Fig. 1
Representative example trial of electromyographic (EMG) responses from bilateral sternocleidomastoid neck muscles following an externally triggered freefall perturbation of the standing support surface in one subject.
Table 1
Group mean (±SEM) EMG onset latencies (ms) for Externally-Triggered (EXT) and Self-triggered (SLF) freefall perturbations.
Table 2
Group mean (±SEM) log-transformed peak EMG response amplitudes (μV) during sequential Externally-Triggered (EXT) trial blocks and for EXT versus Self-triggered (SLF) freefall perturbations.

A larger proportion of early SCM activation (100% trials) from all participants during EXTFTR occurred compared to 56% of trials from five participants during SLF (p < 0.01). Across all trials, a larger proportion of SCM activity was present in the EXT condition (92%) compared with the SLF condition (36%) (p < 0.01). Incidence of SCM muscle activation decreased from first trial exposure to the last trial for both EXT and SLF conditions (Fig. 2). By the 12th trial, seven participants produced detectable SCM onsets during EXT compared to one participant for SLF.

Fig. 2
Presence of detectable sternocleidomastoid neck muscle responses for externally triggered (EXT, top rows black cells) freefall perturbation trials and self-triggered (SLF, bottom rows grey cells) perturbation trials for all subjects and trials. Broken ...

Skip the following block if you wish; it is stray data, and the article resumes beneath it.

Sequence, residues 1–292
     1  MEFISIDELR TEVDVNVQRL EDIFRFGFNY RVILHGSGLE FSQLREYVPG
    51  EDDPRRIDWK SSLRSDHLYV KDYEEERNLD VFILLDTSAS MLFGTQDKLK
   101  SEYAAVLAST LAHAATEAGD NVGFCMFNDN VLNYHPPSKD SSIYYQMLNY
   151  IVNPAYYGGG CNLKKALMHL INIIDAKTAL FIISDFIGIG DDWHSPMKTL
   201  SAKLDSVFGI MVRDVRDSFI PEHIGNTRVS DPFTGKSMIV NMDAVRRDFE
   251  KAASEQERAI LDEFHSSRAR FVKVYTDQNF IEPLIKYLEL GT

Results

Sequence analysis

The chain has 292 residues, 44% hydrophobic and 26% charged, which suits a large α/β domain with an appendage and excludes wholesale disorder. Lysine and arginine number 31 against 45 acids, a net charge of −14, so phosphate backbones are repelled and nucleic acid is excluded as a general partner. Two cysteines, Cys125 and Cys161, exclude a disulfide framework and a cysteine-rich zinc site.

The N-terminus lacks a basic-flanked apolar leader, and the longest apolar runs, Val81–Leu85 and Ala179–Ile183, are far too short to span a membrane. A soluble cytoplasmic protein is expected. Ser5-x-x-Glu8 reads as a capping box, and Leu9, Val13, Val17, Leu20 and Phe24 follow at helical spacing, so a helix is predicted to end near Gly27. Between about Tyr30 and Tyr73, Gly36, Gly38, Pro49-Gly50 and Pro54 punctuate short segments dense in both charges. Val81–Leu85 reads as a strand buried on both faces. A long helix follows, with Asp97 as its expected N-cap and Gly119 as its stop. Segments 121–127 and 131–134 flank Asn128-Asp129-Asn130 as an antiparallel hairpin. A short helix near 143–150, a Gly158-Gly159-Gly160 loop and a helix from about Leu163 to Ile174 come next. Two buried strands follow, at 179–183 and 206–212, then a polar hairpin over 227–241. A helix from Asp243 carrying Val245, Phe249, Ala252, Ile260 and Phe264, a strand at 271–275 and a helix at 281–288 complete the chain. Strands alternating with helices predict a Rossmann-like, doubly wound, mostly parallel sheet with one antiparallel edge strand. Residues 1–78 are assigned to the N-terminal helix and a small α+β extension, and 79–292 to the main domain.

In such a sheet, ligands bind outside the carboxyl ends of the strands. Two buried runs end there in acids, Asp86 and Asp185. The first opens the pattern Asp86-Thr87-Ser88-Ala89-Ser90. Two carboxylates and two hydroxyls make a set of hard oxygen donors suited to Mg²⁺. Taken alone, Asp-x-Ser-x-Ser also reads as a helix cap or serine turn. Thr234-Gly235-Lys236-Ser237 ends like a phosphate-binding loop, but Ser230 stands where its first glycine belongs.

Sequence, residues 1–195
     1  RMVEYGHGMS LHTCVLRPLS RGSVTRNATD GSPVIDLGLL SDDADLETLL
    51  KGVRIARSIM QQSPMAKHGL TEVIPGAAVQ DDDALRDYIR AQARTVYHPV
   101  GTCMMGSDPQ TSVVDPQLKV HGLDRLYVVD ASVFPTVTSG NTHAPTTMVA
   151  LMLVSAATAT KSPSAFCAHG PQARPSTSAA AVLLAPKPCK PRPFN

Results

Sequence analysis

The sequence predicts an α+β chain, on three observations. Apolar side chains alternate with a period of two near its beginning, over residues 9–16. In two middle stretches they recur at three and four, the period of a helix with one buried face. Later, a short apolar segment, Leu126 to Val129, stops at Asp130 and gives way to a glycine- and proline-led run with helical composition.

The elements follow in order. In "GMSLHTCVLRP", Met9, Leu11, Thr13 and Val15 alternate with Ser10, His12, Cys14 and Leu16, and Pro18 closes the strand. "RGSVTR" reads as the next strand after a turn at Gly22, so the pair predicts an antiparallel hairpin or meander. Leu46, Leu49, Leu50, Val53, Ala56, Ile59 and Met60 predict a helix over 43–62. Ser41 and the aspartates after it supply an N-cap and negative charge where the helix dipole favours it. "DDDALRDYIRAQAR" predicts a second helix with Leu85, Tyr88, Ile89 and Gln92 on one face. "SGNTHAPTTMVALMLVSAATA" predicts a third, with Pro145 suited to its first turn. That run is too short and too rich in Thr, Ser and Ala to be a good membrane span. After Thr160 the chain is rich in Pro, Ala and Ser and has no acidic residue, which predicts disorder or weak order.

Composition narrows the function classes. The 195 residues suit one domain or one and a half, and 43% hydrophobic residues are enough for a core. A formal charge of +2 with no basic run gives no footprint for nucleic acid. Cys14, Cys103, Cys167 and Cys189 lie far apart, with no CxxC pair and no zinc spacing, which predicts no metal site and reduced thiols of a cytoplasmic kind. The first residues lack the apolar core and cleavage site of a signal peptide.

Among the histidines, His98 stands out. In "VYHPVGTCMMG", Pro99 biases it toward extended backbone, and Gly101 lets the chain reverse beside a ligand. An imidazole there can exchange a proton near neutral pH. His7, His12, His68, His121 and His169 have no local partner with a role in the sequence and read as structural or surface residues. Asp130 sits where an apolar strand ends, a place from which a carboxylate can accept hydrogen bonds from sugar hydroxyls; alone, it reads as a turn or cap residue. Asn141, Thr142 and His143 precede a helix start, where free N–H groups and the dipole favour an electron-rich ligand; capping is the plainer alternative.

Mean EMG onset latencies for EXT and SLF conditions for all muscles generally occurred within 100ms after perturbation onset and ANOVAs for all muscle onset times were not significant (p > 0.05) indicating no differences between conditions or time points (Table 1). No significant difference in temporal organization was found for EXTFTR (p =f121). SCM, DLT, and BIC onset latencies during EXTFTR were generally earlier for at least 57% of participants compared to SLFFTR. A common pattern between EXT vs. SLF trials was observed for SCM, DLT, and BIC. EXTFTR was larger than EXT2-5, SLFFTR was larger than SLF2-5 and EXTFTR condition was larger than the SLFFTR condition (Table 2). These differences were significant with p < 0.01. TA amplitude was greater in EXTFTR compared to SLFFTR (p < 0.01) and between SLFFTR and SLF2-5 (p = 0.02) but no differences were found between EXTFTR and EXT2-5 (p = 0.07) and EXT2-5 and SLFFTR (p = 0.29). GAS amplitude was unmodified (p > 0.05) between first and later trials during both EXT and SLF conditions.

Arm movement kinematics